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Instrument TypePercussion

The Tabla is a very important and irreplaceable accompanying percussion instrument in Indian Art music. It has also created a firm niche as a solo instrument. Tabla came into the Hindustani Art music scenario in the early 18th century with the advent of the Khayal form. From then on, it has seen a meteoric rise in technique and popularity.

Tabla is a collective name used for the pair of drums it denotes. These drums are placed side by side in front of the player who sits cross legged. They are placed on cloth covered straw rings for a good balance. The drum on the left side is called Bayan or Dugga. It is spherical in shape. The vessel is made of metal or sometimes of clay. It has a broad mouth which narrows down at the base. The other drum, carved from a block of wood, is placed on the right. This is the Tabla or Dayan. The Dayan is narrow at the mouth and broader at the base.

Goat skin membranes nearly as wide as the mouths are fixed on top of these drums. This is called Pudi. It has an additional annular ring of leather about 2cms in width around the edges. This ring is called the Chati or Kinar. The rest of the membrane is the Maidaan. The Chati is woven with a leather braid, Gajraa, through which pass leather braces, Badhhi or Vaadi, tied together at the bottom with another leather ring. These braces tighten the membrane on the open mouths. On the leather braid there are 16 holes, Ghar, to which the braces are tied at equal distance giving the instrument equal tension on all points. Small wooden cylinders are inserted underneath these braces - One cylinder underneath two braces. So in all, there are 8 wooden cylinders or Gatta-s.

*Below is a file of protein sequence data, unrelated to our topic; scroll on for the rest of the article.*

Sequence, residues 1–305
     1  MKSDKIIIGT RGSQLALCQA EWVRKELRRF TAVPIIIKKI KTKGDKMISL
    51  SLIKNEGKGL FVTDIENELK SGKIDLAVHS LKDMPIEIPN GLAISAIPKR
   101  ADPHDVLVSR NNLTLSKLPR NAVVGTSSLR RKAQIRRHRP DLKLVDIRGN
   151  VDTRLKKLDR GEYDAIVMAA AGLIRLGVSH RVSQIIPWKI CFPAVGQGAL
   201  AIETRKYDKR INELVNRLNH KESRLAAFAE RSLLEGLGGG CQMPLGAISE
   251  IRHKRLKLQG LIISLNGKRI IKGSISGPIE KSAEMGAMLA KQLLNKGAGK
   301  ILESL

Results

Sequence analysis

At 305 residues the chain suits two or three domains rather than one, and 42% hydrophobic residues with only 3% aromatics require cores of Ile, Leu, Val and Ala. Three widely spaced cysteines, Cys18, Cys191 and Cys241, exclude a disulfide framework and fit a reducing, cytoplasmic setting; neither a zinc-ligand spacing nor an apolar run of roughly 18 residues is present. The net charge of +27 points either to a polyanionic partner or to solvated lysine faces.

By moving these cylinders up or down with a specialized hammer, rough pitch adjustments are made.  Finer adjustments are done by striking the leather braid.

The most important and unique feature is Siyahi; the circular coating of iron fillings mixed with carbon, wheat flour paste and glue. This coating, 7cm in diameter, is placed centrally on the Tabla and eccentrically on the Dugga. Siyahi is applied layer by layer. Each layer is polished with a smooth stone and before it dries out, another one is applied. This is a highly specialized process and requires expertise. The total thickness is a judgment call of the Tabla maker.

The Tabla is tuned to a distinct tonic note. It can be tuned to the tonic of the Madhya Saptak (middle octave) or the tonic of the Mandra Saptak (lower octave). The Dugga, when used for male vocalists, is tuned to their tonic of the lower Saptak. But when used with female vocalists, it is tuned in the Pancham or Madhyam of their tonic note. Tabla is played with the ends and middle phalanges of the fingers and the palm and the Dugga is played with the balls of the fingers, the flat palm and the base of the hand.

The tonal and physical quality of the instrument depends on the materials used and on the expertise of the Tabla maker in making the Pudi and applying the Siyahi. The diameter determines the pitch of the Tabla. So does the thickness of the Siyahi to some extent.

Many styles or Gharana-s have developed and flourished over the ages. They have enriched our music greatly by exploring the potentials on the instrument to the fullest.

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